The nature of the LHR hub operation is different to that at other major European hubs and probably very different to that at most North American hubs. But these differences, bought about because of both capacity constraints and a very large O&D market, do not mean that it is not a very major hub in terms of the absolute number of tranfer passengers it handles. And this argument is actually supported by the absence of short-haul operations utilising smaller aircraft.


User currently offlinesankaps From United States of America, joined Jan 2008, 2255 posts, RR: 2
Reply 29, posted (1 year 4 months 3 weeks 2 days 23 hours ago) and read 4267 times:

This whole LHR slot-selling thing... at least in the case of rights that are negotiated on a country-to-country basis, aren't the slots, right, and assignments governed by bilaterals / regulatory body decisions? Shouldn't the relevant regulatory bodies "own" the slots?

User currently offlineLAXintl From United States of America, joined May 2000, 24834 posts, RR: 46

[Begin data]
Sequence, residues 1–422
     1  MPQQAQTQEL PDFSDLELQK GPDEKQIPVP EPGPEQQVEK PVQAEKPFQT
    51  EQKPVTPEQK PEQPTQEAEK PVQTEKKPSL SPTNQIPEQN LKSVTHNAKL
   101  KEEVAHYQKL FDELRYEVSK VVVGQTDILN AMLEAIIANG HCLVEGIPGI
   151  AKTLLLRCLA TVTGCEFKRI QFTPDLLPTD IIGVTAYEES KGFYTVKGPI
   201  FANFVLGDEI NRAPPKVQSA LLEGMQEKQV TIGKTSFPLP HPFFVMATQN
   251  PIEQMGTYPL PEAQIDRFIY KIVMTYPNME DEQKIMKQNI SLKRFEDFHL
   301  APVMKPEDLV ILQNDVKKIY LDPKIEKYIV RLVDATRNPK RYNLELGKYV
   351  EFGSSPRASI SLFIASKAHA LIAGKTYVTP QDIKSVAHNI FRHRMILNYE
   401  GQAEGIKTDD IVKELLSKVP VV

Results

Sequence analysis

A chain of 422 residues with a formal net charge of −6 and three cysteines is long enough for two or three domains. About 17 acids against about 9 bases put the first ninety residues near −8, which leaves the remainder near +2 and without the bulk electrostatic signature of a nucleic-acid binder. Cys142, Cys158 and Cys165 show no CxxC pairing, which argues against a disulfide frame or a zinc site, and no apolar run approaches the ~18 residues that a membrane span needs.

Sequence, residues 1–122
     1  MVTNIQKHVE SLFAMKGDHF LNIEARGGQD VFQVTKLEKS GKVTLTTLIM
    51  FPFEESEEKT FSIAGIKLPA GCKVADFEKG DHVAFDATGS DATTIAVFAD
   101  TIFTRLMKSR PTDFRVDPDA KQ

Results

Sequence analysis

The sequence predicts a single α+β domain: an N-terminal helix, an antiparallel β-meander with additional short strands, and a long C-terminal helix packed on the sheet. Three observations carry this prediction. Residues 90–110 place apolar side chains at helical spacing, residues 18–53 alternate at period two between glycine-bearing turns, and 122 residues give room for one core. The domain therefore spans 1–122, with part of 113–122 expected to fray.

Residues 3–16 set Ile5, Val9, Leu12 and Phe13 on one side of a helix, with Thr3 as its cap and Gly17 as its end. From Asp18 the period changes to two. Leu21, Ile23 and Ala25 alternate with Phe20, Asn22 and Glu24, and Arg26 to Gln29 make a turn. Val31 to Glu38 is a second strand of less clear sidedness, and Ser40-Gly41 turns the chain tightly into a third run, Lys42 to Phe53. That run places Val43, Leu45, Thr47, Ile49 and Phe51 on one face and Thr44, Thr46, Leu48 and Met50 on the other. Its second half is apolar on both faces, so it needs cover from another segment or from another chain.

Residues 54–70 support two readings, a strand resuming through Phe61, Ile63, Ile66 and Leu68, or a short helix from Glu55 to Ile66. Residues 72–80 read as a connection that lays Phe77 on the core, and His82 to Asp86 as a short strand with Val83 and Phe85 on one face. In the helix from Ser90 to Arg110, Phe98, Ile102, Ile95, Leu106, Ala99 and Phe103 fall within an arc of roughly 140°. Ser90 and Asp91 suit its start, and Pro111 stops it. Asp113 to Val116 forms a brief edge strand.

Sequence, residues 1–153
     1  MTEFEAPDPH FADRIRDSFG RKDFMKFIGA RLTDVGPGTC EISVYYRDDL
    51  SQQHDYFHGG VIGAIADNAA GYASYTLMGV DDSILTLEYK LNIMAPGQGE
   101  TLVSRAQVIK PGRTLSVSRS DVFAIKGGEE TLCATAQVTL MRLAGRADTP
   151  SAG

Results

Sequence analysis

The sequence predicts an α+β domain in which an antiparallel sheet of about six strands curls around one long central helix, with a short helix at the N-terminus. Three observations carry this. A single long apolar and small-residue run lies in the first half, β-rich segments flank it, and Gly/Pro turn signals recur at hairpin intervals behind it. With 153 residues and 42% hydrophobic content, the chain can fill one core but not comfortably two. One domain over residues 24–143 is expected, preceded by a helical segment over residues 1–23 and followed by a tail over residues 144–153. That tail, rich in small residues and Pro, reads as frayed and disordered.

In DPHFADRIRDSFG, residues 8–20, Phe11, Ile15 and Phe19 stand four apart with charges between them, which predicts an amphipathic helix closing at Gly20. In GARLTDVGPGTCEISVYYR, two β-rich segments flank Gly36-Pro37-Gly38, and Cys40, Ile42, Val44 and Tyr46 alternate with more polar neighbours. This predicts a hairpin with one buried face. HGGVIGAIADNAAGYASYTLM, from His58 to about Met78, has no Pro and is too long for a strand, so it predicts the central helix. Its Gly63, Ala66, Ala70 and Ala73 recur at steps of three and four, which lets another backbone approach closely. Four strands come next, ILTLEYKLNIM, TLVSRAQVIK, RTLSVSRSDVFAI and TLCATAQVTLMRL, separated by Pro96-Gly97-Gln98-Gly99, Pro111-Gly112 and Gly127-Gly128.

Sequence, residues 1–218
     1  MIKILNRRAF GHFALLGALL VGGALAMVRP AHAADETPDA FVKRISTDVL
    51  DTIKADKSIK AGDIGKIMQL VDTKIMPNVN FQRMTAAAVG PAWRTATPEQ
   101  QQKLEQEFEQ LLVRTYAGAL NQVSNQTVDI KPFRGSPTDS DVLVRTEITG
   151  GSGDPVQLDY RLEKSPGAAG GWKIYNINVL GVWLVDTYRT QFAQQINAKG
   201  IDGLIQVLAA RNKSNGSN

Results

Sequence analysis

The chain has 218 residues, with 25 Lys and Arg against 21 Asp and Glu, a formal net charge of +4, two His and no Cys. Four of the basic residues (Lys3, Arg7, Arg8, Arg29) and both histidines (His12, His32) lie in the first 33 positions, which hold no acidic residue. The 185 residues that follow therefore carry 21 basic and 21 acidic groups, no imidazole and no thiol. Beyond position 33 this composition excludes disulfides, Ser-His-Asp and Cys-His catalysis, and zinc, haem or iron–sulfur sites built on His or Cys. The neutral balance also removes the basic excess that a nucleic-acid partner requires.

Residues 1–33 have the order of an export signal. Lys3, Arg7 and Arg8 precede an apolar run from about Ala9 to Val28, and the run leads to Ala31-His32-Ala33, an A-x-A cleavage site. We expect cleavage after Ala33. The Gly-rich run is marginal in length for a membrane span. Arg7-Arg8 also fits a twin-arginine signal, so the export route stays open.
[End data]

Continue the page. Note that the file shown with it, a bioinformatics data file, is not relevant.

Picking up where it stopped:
Reply 30, posted (1 year 4 months 3 weeks 2 days 20 hours ago) and read 4096 times:

Route authorities and landing/takeoff slots are two different things.

For example the right to fly between XYZ-London is negotiated by nations as part of their bilateral. Once in hand, then the airline needs to go find what London airport it will use, and then secure the appropriate landing and takeoff slots for the times it desires.

Secondary slot trading is a totally legitimate thing. There had been some previous legal opposition to the practice by some parties (Spain for example), however the EU eventually passed legislation that clarified that such activities were permitted.

In the case of Europe, there is even a website now setup to help facilitate airline slot trades including at LHR.
http://www.slottrade.aero/our-services.asp

=

[Edited 2013-03-04 08:34:47]


From the desert to the sea, to all of Southern California
User currently offlineVV701 From United Kingdom, joined Aug 2005, 7390 posts, RR: 17
Reply 31, posted (1 year 4 months 3 weeks 2 days 18 hours ago) and read 3954 times:

Quoting sankaps (Reply 29):
This whole LHR slot-selling thing...

Slots at LHR and all other slot controlled airports in the EU are distributed , sold and / or leased under strict rules laid down by the EU. In the UK Airport Coordination Ltd has exclusive responsibility for the allocation of slots, coordination of